Because of the German influence on tableware production, the major output is hard (continental) porcelain, while Poland has a production of a soft porcelain called porcelit. Factories producing earthenware and stoneware are common in the region, but Romania is the only producer of classic bone china.
After 1990, the number of small private producers mushroomed. In some instances these producers remained small, employing mainly family members, while in other cases companies developed their production to employ up to 200 workers. For example, in the town of Alba Iulia, the site of the largest Romanian tableware plant, approximately 60 small private producers manufacture mainly souvenirs and figurines for the West European and home markets. Some of the larger plants specialize in coffee sets, pizza plates and similar products.
For the larger ex-state factories, the introduction of isostatic pressing in the '90s aided the quest to produce quality flatware. The ceramic body used in the presses was either produced locally or imported from European producers of prepared bodies.
In the early '90s it was the State Property Fund's goal to find buyers for the factories, and ownership interest came from every type of entity. Managers and employees who had previously worked for the state bought shares in the factories where they worked. Companies that were previously state-owned acquired neighboring factories. Many Western companies-particularly those requiring large quantities of simple, non-expensive articles-had their ware produced in these plants, taking advantage of low overheads and a relatively hassle-free production unit.
The exported output from these factories can be found today throughout the Westernized world and as far afield as the U.S., Canada, Japan and Australia.
Sanitaryware and TilesUnlike the tableware industry, the sanitaryware and tile industry had a big helping hand from the state. The private housing development program in East and Central Europe after 1990 required large quantities of building materials, including bricks, sanitaryware, ceramic tiles and roofing tiles. Most of the East and Central Europe sanitaryware manufacturers also produce floor and wall tiles in the same factory complex.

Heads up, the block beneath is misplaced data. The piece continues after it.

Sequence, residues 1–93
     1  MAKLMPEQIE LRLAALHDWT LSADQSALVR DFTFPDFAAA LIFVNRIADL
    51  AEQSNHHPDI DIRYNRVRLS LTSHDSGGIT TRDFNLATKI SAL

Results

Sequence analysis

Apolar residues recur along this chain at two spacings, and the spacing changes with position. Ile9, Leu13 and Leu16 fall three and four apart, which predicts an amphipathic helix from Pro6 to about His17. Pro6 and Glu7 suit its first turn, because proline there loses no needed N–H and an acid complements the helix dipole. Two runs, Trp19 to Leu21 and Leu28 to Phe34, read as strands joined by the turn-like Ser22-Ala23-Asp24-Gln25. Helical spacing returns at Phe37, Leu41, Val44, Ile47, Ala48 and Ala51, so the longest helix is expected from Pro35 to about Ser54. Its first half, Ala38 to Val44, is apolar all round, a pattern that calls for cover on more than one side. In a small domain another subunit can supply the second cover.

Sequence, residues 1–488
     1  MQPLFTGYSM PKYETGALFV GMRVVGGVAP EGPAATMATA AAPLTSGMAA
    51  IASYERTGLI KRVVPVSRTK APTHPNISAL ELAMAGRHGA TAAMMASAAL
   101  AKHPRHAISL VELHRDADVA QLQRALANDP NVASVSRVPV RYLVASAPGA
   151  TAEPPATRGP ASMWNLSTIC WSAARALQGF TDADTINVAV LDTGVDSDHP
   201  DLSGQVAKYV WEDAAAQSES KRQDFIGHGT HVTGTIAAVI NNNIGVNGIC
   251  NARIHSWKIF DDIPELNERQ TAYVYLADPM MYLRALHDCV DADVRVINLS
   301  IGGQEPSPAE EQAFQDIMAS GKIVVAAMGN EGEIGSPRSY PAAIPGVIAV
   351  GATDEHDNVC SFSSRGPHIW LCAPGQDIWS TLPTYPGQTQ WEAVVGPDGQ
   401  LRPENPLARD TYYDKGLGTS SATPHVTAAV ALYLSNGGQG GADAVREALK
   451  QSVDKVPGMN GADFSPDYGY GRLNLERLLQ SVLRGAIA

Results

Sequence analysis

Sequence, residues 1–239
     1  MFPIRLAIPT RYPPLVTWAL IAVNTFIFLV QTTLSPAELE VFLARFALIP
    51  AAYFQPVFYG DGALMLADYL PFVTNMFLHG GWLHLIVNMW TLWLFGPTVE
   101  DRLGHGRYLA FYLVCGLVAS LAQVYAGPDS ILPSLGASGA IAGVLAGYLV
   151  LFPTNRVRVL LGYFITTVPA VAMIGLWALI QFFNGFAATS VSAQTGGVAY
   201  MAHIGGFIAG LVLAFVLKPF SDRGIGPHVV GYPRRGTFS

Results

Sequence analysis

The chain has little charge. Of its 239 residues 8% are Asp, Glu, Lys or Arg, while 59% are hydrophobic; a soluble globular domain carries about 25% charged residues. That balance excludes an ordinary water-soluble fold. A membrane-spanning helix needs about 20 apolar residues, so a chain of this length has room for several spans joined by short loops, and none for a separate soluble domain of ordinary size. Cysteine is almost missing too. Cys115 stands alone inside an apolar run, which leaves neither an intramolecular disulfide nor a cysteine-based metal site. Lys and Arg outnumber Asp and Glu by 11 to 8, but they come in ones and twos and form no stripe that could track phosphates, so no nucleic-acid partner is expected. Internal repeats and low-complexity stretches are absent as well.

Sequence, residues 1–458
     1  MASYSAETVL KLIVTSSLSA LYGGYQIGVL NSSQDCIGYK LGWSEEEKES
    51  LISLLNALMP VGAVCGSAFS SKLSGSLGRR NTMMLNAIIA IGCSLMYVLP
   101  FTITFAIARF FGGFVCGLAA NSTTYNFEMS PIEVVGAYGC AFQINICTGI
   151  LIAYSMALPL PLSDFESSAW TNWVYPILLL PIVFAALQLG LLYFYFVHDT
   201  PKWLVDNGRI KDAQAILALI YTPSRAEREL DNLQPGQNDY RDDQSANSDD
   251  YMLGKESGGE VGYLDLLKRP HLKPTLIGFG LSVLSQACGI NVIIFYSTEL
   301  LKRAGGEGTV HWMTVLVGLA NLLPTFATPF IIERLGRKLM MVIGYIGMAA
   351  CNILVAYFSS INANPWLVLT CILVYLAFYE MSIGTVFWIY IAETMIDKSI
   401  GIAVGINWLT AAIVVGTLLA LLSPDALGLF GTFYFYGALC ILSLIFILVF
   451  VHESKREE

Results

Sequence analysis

Besides having a healthy local market, sanitaryware manufacturers were also presented with opportunities to export. Like the tableware manufacturers, they focused on quality improvements by upgrading raw materials and equipment. Although this added to the cost of the finished item, higher quality and fewer production losses were achieved, resulting in a very competitively priced finished article.
Of course the Western sanitaryware manufacturers were not absent throughout these developments. In the early and mid-'90s, major Western producers began investing in these and other plants. American Standard (Ideal Standard), Roca, Sanitec, Laufen, and Villeroy and Boch all purchased existing plants or built on greenfield sites in one or more of the countries in the region. The companies brought marketing expertise to Eastern Europe and insisted on importing high quality ball clays and kaolins to attain the best results.
In some instances, Western venture capitalists purchased sanitaryware/tile plants, modernized the production, lowered staffing levels and turned the plant into a successful unit before selling it at a handsome profit.
The influence was contagious. All sanitaryware/tile plants, with or without the involvement of Western partners, modified their production by replacing or adding to the traditional bench casting methods with pressure, capillary (spaghetti) or beam casting technology. As in the case of tableware, the firing and drying equipment was upgraded to accommodate larger throughputs. Mostly Italian technology was used to increase the range and output of wall and floor tiles.
Today, while the volume demands of domestic markets are high, most local producers still manage to export at least 50% of their production. The quality of both the sanitaryware and tiles nowadays is vastly superior to that produced prior to 1990, without much change in the labor overheads. However, to this day the remaining state and worker-owned East and Central European factories remain overstaffed with workers who earn low wages. For example, a Romanian ceramic factory worker will average a gross salary of approximately US$100 per month.